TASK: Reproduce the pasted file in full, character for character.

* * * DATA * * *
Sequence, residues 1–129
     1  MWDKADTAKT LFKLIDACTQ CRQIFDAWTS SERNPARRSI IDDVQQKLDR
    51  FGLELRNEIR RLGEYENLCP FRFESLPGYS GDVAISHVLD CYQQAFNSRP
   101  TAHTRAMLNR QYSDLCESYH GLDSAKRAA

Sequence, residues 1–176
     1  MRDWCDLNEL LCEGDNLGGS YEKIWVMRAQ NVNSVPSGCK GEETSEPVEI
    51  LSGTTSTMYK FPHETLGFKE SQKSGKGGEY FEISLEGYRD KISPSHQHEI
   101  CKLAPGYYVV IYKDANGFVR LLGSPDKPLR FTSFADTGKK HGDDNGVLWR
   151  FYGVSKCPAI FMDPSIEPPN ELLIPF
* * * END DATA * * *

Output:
Sequence, residues 1–129
     1  MWDKADTAKT LFKLIDACTQ CRQIFDAWTS SERNPARRSI IDDVQQKLDR
    51  FGLELRNEIR RLGEYENLCP FRFESLPGYS GDVAISHVLD CYQQAFNSRP
   101  TAHTRAMLNR QYSDLCESYH GLDSAKRAA

Sequence, residues 1–176
     1  MRDWCDLNEL LCEGDNLGGS YEKIWVMRAQ NVNSVPSGCK GEETSEPVEI
    51  LSGTTSTMYK FPHETLGFKE SQKSGKGGEY FEISLEGYRD KISPSHQHEI
   101  CKLAPGYYVV IYKDANGFVR LLGSPDKPLR FTSFADTGKK HGDDNGVLWR
   151  FYGVSKCPAI FMDPSIEPPN ELLIPF